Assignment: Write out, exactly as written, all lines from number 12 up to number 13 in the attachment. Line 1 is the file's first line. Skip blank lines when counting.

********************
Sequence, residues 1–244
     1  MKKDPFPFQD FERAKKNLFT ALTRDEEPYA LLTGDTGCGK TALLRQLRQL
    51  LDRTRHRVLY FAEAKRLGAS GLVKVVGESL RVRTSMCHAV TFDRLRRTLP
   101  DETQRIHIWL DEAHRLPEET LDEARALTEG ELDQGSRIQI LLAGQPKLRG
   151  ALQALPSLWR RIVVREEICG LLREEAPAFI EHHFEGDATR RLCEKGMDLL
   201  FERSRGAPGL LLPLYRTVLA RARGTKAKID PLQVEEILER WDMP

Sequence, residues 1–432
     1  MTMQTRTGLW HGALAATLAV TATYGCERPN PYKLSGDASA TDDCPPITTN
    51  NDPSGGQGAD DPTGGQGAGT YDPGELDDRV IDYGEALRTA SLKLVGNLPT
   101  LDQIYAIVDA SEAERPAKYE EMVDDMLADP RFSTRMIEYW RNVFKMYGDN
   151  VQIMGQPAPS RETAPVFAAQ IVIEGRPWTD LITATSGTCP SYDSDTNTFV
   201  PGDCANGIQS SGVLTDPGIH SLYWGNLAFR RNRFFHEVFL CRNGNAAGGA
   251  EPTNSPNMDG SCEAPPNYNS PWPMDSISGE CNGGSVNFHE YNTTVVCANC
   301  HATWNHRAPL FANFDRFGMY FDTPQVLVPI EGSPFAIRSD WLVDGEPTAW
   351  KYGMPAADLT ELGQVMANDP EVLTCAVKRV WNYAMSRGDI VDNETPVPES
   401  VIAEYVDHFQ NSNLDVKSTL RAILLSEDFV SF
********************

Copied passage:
   201  PGDCANGIQS SGVLTDPGIH SLYWGNLAFR RNRFFHEVFL CRNGNAAGGA
   251  EPTNSPNMDG SCEAPPNYNS PWPMDSISGE CNGGSVNFHE YNTTVVCANC